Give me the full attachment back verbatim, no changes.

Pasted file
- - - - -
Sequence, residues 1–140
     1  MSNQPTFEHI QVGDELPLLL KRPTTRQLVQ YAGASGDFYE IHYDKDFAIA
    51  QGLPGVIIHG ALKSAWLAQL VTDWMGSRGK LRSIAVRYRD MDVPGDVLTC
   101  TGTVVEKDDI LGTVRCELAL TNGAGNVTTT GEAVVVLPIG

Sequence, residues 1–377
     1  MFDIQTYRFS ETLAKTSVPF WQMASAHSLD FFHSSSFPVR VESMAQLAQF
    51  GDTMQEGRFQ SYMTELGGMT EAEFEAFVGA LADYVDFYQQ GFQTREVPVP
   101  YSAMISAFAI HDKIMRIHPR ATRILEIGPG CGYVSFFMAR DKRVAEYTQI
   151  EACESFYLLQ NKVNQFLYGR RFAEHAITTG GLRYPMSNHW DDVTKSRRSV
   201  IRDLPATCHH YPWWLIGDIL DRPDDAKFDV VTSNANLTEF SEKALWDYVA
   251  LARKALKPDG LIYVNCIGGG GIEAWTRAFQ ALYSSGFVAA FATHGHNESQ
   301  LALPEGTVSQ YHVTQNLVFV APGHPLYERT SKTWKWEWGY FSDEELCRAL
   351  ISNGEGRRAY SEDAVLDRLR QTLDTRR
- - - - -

Sequence, residues 1–140
     1  MSNQPTFEHI QVGDELPLLL KRPTTRQLVQ YAGASGDFYE IHYDKDFAIA
    51  QGLPGVIIHG ALKSAWLAQL VTDWMGSRGK LRSIAVRYRD MDVPGDVLTC
   101  TGTVVEKDDI LGTVRCELAL TNGAGNVTTT GEAVVVLPIG

Sequence, residues 1–377
     1  MFDIQTYRFS ETLAKTSVPF WQMASAHSLD FFHSSSFPVR VESMAQLAQF
    51  GDTMQEGRFQ SYMTELGGMT EAEFEAFVGA LADYVDFYQQ GFQTREVPVP
   101  YSAMISAFAI HDKIMRIHPR ATRILEIGPG CGYVSFFMAR DKRVAEYTQI
   151  EACESFYLLQ NKVNQFLYGR RFAEHAITTG GLRYPMSNHW DDVTKSRRSV
   201  IRDLPATCHH YPWWLIGDIL DRPDDAKFDV VTSNANLTEF SEKALWDYVA
   251  LARKALKPDG LIYVNCIGGG GIEAWTRAFQ ALYSSGFVAA FATHGHNESQ
   301  LALPEGTVSQ YHVTQNLVFV APGHPLYERT SKTWKWEWGY FSDEELCRAL
   351  ISNGEGRRAY SEDAVLDRLR QTLDTRR